Open Access Open Badges Research

Behavior and weight correlates of weight-control efforts in Australian women living in disadvantage: The READI study

Robert W Jeffery1*, Gavin Abbott2, Kylie Ball2 and David Crawford2

Author Affiliations

1 Division of Epidemiology and Community Health, School of Public Health, University of Minnesota, Minnesota, USA

2 Centre for Physical Activity and Nutrition Research, Deakin University, Melbourne, Australia

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International Journal of Behavioral Nutrition and Physical Activity 2013, 10:52  doi:10.1186/1479-5868-10-52

The electronic version of this article is the complete one and can be found online at:

Received:11 October 2012
Accepted:10 April 2013
Published:26 April 2013

© 2013 Jeffery et al.; licensee BioMed Central Ltd.

This is an Open Access article distributed under the terms of the Creative Commons Attribution License (, which permits unrestricted use, distribution, and reproduction in any medium, provided the original work is properly cited.



With increasing obesity rates worldwide, more and more people are actively attempting to lose weight or avoid weight gain, but relatively little is known about what specific behaviors comprise these efforts and which, if any, are associated with better weight control over time.


This paper reports relationships between body weight, weight-control efforts and related behaviors over a three-year period in 1,634 Australian women. The women were purposefully recruited from 80 disadvantaged neighborhoods in Victoria, Australia. Weight loss efforts were categorized as trying to lose weight, trying to prevent weight gain and no weight-control efforts. Behavioral correlates examined included different kinds of physical activity and consumption of a number of specific foods types.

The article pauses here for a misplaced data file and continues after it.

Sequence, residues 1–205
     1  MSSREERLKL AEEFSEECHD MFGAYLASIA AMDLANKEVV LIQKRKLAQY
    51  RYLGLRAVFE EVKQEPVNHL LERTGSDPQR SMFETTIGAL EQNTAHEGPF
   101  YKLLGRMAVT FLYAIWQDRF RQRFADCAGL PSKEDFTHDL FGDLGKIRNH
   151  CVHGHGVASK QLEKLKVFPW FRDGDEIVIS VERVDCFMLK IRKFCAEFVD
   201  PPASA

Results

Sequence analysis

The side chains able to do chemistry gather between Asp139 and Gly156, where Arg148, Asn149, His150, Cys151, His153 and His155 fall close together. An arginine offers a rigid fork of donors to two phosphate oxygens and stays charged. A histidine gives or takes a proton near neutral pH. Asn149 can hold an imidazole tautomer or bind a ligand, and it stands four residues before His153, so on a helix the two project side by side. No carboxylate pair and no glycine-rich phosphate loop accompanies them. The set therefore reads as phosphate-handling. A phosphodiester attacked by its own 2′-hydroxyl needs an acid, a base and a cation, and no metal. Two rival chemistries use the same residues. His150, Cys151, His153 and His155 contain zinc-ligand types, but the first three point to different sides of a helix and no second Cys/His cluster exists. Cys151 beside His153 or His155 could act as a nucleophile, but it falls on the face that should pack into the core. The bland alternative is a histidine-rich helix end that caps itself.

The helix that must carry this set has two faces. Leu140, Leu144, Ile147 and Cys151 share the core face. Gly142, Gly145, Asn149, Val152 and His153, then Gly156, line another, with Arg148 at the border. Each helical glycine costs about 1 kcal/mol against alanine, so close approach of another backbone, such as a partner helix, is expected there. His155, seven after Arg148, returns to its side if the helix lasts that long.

Results and discussion

Self-reported body weight at baseline was higher in women trying to lose weight. Frequency of consumption of low energy density foods was positively associated with reported weight-control efforts, as was frequency of reported total and leisure-time physical activity. Longitudinal associations between changes in weight-control efforts and changes in behaviors were consistent with the cross-sectional findings. At three-year follow up, however, weight-control efforts were not associated with change in body weight. More detailed analyses of specific food choices suggested that part of the explanation of no effect of reported weight-control efforts and weight over time might be that people are not as well-informed as they should be about the energy density of some common foods. In particular, those reporting engagement in weight-control efforts reported reducing consumption of carbohydrate-containing foods such as bread and potatoes more than is justified by their energy content, while they reported increasing consumption of some high energy density foods (e.g., cheese and nuts).